You might not have heard the term "filter bubble" before (I hadn't), but you know how it works.
Basically, the concept is that each of us gets the same Internet information over and over based on the increasing trend of online companies to tailor services, including news and search results, to our personal tastes.
This leads to what TED speaker Eli Pariser calls a dangerous unintended consequence: We get trapped in a filter bubble that keeps us from being exposed to information that could challenge or broaden our worldview.
More information outlets, same results: It doesn't just happen online. The television bubble filter equivalent is viewer dedication based on personal political bias to either Fox News or MSNBC.
But we do tend to blow up our protective bubbles even more on social media sites, friending or following individuals who share our interests, backgrounds, political views.
And we share the same "I knew it!" pieces of informantion back and forth with the same supportive groups.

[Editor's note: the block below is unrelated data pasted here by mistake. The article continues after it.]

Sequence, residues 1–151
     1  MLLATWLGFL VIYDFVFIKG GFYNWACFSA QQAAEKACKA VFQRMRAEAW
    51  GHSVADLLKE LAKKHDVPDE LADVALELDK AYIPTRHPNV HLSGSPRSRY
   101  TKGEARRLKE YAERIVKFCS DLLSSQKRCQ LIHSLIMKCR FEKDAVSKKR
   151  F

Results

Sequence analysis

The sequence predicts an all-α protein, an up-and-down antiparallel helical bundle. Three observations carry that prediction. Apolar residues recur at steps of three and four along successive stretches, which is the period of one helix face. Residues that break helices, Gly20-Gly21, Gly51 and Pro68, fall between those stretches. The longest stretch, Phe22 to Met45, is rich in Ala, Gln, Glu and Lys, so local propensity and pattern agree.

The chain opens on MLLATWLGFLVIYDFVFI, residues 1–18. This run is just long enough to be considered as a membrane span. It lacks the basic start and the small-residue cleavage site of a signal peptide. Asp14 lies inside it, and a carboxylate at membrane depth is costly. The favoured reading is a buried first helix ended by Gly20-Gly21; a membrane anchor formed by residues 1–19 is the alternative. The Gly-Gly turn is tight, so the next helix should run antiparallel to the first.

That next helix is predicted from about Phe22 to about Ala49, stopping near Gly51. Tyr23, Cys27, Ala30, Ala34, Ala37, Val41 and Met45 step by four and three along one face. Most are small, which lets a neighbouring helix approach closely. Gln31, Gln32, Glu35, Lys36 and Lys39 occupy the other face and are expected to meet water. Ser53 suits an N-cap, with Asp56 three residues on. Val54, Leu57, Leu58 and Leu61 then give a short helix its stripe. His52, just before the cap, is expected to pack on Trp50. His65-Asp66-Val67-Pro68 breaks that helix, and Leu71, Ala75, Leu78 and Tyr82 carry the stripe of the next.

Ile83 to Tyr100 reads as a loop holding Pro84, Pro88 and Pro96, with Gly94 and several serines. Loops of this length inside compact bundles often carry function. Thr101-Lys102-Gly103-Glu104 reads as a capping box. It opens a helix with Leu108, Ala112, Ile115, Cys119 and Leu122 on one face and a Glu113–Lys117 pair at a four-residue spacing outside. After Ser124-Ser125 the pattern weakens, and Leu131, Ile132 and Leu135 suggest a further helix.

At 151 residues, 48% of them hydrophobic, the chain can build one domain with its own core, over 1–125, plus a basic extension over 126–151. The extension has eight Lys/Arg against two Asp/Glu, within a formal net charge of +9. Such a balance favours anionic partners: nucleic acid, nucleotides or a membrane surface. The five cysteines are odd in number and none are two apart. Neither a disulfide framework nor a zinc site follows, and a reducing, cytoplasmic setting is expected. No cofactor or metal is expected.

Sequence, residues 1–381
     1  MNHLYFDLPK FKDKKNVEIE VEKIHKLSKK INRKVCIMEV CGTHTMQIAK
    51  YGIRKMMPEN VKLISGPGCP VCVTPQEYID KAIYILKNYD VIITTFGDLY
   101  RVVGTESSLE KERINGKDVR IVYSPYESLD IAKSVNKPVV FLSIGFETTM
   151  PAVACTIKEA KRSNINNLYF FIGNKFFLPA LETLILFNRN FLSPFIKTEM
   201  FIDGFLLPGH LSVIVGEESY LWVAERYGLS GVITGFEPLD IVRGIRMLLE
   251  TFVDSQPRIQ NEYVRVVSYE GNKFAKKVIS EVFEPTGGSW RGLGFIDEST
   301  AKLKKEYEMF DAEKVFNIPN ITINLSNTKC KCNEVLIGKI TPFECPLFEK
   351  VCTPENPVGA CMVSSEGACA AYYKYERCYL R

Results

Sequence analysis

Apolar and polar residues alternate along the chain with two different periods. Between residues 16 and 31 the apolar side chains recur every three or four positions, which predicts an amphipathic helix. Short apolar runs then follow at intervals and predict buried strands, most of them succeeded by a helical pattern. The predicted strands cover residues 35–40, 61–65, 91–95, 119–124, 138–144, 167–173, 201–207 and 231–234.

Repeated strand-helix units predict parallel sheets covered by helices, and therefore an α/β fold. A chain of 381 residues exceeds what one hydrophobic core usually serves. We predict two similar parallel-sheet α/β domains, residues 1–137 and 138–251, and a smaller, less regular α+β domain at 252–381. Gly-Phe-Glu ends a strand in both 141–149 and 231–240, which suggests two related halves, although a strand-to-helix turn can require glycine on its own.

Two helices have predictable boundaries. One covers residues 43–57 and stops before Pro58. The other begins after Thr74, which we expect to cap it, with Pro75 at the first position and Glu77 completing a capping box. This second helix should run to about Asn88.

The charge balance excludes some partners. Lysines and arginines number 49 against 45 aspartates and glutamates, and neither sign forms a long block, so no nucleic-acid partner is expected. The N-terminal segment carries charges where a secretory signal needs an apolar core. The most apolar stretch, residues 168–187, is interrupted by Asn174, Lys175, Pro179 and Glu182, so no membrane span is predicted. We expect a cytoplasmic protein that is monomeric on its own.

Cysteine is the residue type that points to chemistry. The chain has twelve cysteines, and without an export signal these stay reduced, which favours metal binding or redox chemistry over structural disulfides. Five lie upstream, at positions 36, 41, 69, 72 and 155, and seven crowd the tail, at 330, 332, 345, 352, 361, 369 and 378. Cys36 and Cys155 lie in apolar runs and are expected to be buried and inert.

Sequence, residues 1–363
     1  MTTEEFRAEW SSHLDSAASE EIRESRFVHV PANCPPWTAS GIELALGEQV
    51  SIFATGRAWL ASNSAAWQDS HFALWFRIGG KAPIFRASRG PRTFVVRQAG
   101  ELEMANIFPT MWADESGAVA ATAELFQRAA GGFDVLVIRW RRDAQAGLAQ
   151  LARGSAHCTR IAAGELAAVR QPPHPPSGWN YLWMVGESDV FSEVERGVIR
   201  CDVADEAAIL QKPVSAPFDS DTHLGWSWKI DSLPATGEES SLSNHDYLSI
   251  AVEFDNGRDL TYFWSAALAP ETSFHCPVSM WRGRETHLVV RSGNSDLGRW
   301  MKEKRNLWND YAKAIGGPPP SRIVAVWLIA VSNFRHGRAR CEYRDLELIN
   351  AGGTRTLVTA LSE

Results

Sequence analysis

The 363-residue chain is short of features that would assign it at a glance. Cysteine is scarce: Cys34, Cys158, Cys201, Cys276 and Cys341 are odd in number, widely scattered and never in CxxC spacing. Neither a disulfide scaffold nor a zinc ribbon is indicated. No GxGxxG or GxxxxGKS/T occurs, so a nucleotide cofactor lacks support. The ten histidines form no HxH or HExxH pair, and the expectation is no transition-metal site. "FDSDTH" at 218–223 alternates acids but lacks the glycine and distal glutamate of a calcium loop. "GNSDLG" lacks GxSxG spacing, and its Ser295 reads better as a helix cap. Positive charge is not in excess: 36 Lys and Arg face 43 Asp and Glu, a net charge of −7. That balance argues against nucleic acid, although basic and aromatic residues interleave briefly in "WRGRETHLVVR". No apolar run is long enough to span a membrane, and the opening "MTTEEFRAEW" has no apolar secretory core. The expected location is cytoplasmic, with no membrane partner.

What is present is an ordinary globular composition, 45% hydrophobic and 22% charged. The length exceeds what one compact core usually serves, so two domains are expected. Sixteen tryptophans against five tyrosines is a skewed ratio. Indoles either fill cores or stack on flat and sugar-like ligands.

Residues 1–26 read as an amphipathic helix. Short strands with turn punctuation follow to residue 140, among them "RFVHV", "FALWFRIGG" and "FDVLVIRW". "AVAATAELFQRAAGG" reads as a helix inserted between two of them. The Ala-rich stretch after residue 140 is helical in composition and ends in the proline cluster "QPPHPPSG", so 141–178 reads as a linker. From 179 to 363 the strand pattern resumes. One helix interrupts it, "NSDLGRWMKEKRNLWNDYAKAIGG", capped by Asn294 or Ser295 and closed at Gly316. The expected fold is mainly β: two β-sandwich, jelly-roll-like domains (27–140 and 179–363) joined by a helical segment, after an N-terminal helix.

Essentially, personalized content might be is narrowing our perspectives.
When we predominately see and hear what we want to see and hear, Pariser says that the resulting filter bubble will ultimately prove to be bad for us and bad for democracy.
Dominic Basulto, writing for the Washington Post's Ideas@Innovations blog, says:
By opting for the lowest common denominator — a "supercommittee" split down the middle by party and ideology and encouraged to split the difference — Congress is close to missing an opportunity to craft an innovative solution to our nation's fiscal problems. Lawmakers should realize that the key to crafting an innovative political solution is all about accessing the information and data at the edges of their networks, not in shrinking the number of possible solutions to the deficit reduction problem.
Basulto urges the members of the Joint Select Committee on Deficit Reduction to break out of their individual and the overall Congressional filter bubbles, noting that what's relevant is not always what we think is relevant.
As the countdown toward the Nov. 23 deadline for the 12-member bipartisan committee to come up with a Congressionally acceptable deficit reduction plan, here's hoping the Senators and Representatives do pop their filter bubbles and not our deficit cutting hopes.
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